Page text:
The input of alcohol into the brain on these three neurotransmitters produces much interference that result in certain output behavior. These interferences can involve either the individual neurotransmitter or the interactions of the neurotransmitters working together. One form of interference that alcohol causes on the 5 HT is by increasing its serotonin release in the nervous system. Studies have shown that after a single drink, there has been increase in concentrations of serotonin in the individual urine and blood. This 5 HT increase indicates that more 5 HT's were released at the serotonergic synapses, thus increasing 5 HT's influence on the output behavior such as emotion, mood and thinking.
In the similar way, alcohol also works to increase the activity and effectiveness of GABA. Since GABA is an inhibitory neurotransmitter, alcohol increases its ability to inhibit. "When alcohol is introduced into this system, its immediate (i.e. acute) effect is to add to (i.e.potentiate) the inhibition caused by the GABAconsequently, neurons receiving messages through GABA are even more inhibited by this transmitter than usual when alcohol is present in the brain." (3). And because GABA neurons are located not in one specific part of the brain, the presence of alcohol inhibits many activities within the brain, influencing behavioral output.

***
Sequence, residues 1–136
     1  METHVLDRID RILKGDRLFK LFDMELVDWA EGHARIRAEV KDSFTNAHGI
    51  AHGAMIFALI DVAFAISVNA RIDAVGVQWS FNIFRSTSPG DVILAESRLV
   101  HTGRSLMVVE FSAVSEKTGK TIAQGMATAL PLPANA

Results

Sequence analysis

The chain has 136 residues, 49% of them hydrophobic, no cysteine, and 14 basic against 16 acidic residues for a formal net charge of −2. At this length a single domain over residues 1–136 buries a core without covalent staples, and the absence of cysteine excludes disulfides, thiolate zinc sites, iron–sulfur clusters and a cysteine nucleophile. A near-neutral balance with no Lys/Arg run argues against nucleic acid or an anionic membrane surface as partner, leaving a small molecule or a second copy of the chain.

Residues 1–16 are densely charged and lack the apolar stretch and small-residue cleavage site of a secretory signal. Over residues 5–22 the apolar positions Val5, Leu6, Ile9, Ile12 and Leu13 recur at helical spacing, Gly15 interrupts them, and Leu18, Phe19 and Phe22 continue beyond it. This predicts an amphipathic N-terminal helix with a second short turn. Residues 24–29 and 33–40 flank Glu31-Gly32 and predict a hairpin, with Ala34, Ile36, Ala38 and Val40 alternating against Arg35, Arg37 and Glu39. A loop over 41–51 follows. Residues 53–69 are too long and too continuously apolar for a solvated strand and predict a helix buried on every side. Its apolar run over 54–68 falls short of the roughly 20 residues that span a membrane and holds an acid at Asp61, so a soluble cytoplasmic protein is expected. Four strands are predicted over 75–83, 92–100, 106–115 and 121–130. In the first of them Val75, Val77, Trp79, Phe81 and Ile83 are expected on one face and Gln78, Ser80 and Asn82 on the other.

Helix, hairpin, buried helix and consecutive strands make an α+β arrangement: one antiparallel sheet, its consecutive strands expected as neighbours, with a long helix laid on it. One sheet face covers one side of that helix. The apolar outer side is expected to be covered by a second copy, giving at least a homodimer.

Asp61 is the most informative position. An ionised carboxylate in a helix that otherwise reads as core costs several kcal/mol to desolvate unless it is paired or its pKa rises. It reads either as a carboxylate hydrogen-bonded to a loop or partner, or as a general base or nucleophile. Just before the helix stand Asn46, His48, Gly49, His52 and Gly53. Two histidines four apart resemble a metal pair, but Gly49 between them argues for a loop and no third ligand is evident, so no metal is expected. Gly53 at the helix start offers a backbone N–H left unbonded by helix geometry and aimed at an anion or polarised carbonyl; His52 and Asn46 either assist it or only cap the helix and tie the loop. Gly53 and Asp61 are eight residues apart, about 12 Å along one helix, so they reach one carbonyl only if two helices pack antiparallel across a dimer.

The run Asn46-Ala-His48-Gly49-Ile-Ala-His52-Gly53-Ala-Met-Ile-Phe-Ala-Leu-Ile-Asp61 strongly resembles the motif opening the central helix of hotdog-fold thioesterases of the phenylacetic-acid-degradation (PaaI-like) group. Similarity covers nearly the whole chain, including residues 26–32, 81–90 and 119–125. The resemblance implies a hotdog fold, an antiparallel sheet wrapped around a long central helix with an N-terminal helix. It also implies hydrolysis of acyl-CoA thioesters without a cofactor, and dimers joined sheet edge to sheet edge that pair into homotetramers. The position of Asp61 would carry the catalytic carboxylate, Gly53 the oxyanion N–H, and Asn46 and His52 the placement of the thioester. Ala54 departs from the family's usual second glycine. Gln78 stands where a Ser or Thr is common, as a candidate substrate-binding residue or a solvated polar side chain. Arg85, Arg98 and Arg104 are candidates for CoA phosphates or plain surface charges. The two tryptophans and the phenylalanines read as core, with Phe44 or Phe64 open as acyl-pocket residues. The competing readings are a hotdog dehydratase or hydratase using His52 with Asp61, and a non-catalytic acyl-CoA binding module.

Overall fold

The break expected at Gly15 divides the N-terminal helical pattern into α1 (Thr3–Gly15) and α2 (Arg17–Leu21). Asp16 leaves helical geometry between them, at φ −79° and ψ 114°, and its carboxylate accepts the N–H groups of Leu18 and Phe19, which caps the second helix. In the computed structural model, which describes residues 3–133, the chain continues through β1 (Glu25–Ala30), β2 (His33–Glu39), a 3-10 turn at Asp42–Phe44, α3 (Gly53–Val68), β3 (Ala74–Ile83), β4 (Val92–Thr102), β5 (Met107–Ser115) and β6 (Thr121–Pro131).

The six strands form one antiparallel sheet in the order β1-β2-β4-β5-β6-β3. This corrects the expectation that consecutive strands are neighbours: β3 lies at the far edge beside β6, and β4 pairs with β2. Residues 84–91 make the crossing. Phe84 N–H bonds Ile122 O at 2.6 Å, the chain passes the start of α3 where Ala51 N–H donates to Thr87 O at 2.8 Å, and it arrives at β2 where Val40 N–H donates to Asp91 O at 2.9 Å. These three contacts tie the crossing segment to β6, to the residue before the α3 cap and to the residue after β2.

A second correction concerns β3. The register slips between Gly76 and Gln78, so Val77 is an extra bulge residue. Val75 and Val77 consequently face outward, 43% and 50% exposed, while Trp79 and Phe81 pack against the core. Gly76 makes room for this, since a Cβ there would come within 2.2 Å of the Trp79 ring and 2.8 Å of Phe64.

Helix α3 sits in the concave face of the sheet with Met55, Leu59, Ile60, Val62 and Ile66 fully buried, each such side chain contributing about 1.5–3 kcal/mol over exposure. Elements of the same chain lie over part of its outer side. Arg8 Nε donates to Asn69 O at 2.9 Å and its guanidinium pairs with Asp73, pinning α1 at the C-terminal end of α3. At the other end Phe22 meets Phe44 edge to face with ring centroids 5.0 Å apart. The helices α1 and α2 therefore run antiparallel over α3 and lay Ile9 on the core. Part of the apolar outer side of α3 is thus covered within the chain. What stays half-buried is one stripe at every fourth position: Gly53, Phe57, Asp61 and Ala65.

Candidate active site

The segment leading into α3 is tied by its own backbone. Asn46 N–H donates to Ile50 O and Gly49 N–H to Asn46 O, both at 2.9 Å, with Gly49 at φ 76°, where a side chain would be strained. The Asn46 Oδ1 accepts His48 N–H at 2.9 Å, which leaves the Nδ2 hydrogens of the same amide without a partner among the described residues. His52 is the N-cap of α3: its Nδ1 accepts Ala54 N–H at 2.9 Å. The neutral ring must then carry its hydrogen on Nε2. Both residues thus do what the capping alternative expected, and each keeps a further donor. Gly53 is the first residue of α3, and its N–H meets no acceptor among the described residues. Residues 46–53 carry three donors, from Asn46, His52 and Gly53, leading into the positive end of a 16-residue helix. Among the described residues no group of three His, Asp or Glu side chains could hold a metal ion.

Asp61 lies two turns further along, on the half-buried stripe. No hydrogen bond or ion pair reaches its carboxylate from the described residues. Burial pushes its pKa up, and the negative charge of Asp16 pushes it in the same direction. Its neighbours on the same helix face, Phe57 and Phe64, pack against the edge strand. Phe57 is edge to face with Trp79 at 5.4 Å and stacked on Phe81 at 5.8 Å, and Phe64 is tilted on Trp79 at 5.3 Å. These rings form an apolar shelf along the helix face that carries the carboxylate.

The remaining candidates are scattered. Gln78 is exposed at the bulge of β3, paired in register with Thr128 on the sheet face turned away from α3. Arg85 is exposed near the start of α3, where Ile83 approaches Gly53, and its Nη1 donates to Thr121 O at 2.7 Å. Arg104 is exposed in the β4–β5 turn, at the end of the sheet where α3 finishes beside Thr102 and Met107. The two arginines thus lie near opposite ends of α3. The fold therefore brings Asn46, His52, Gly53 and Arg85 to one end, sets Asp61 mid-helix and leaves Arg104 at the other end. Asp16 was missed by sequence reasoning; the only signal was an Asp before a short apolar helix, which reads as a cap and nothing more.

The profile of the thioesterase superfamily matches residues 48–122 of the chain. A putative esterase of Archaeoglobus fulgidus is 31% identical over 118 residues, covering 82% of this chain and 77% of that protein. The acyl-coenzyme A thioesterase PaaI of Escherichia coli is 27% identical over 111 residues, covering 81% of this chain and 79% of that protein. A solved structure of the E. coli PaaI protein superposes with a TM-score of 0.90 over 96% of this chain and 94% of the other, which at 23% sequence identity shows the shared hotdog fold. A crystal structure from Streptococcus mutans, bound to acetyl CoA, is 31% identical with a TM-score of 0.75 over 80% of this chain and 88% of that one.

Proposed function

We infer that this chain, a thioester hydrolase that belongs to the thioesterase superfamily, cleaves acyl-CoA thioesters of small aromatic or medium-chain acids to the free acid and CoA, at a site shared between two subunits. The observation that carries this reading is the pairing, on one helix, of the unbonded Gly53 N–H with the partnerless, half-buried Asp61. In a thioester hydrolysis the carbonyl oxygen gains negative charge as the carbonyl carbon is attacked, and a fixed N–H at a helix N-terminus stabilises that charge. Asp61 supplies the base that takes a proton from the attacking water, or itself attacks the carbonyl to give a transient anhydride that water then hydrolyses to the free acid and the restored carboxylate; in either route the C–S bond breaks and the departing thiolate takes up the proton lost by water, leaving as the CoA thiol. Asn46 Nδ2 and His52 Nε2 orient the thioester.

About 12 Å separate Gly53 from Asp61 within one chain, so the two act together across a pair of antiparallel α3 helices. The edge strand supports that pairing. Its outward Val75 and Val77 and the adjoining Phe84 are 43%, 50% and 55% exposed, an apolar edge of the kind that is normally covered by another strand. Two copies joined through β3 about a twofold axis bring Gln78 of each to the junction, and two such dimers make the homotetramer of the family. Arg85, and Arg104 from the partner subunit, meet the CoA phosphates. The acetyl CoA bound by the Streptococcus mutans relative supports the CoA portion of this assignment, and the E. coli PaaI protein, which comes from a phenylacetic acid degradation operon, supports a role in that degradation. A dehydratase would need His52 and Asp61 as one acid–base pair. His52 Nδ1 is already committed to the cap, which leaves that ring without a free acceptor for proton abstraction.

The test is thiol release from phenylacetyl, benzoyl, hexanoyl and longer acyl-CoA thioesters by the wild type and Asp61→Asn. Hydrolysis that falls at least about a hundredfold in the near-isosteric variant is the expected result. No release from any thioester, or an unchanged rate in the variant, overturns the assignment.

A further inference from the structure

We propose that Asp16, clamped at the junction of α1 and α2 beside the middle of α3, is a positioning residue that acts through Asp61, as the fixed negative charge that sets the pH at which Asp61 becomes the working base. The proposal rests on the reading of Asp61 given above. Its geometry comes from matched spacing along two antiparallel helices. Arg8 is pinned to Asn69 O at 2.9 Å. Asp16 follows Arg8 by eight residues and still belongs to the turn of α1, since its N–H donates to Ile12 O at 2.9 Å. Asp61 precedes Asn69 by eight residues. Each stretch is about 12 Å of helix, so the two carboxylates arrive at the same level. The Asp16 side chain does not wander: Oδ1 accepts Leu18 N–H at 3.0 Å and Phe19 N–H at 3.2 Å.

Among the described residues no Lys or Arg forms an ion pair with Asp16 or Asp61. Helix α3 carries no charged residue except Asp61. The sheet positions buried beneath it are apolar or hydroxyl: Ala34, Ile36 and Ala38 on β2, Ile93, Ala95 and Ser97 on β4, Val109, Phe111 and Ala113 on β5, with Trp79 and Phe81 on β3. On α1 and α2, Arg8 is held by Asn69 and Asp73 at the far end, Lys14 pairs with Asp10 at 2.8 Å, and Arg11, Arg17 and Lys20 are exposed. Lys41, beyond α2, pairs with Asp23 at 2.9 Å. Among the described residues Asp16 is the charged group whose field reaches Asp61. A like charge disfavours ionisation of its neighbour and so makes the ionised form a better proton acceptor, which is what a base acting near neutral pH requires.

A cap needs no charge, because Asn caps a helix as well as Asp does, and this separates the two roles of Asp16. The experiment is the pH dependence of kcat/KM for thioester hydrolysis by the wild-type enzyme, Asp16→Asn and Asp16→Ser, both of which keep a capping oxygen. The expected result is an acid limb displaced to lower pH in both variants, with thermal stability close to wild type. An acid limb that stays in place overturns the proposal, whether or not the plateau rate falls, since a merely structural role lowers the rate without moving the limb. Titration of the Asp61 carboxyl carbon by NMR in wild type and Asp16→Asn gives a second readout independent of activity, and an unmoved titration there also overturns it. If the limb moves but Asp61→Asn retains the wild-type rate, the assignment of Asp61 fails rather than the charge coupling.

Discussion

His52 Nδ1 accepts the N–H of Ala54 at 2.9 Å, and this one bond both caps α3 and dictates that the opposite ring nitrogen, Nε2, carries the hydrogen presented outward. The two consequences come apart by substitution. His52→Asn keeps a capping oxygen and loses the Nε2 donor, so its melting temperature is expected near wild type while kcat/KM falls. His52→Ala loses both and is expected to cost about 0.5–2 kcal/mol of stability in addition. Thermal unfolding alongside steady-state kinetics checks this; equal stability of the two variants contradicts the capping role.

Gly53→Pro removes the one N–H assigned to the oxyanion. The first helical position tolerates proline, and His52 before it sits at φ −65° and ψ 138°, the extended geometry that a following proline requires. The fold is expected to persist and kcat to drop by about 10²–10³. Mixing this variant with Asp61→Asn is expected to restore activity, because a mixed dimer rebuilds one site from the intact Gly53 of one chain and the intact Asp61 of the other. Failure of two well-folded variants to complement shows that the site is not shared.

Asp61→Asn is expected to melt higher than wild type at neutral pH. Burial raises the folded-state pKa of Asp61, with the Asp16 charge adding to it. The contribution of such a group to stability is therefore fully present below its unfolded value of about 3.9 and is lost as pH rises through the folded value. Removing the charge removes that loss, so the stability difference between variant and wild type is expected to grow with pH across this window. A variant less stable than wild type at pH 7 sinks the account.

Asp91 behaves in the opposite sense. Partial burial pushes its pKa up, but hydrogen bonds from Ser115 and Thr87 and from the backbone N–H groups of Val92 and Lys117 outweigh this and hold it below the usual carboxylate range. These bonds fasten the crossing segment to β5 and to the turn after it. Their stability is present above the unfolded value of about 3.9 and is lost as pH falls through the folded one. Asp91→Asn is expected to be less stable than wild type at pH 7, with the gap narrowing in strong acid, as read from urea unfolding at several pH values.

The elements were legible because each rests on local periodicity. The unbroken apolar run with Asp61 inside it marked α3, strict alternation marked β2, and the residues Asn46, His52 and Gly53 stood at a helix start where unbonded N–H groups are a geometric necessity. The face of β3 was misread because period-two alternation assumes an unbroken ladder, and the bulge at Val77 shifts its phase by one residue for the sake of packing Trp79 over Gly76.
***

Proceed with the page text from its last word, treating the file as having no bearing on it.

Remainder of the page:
As stated before, the role of Dopamine in output behavior is associated with positive reinforcement. When alcohol is inputted inside the brain, it increases the Dopamine concentrations in reward centers of the brain. These increases of concentration induce the individual to think and behave as if drinking more is okay. This then "ultimately raises the 'set point' for alcohol intake, i.e., the amount it takes to make an alcoholic feel 'normal'" and explains high tolerance levels of frequent drinkers. (4).
Alcohol not only effects the neurotransmitters individually, but also influences the interactions of these three neurotransmitters when working together. For example, 5 HT may interact with neurons that secrete GABA. If alcohol is present, the alcohol influenced 5 HT may effect the actions of GABA neurons in areas involving behavioral output such as the hippocampal formation, where cognitive decisions are made. Similarity, alcohol influenced 5 HT works to stimulate more dopamine production and thus more extreme behavioral outputs.
The exact effect of alcohol's molecules on these neurotransmitters is still under study. The overall behavior output caused by an increase in activity of neurotransmitters is known to be caused by alcohol, but the exact methods of how it is done on a more molecular level is under research. A classmate of mine stated in a weekly forum that "every emotion [that] we feel and every thought [that] we have is due to what's happening inside our brain at the molecular level. [I believe that] the mind/brain/spirit/soul is all the same thingwe think the things we think, do the things we do, and feel the things we feel because of some reactions going on in our brains. And what are those 'reactions' exactly? I don't know." (5). There are many 'reactions' that occurs in our brain which produce behavior. Alcohol is one example of them.
2)Serotonin's Role in Alcohol's Effects on the Brain
3) Neurochemical Mechanisms Underlying Alcohol Withdrawal
4)Media Awareness Project, maintains an extensive Drugnews Index of drug-related news clippings
5)Neurobiology and Behavior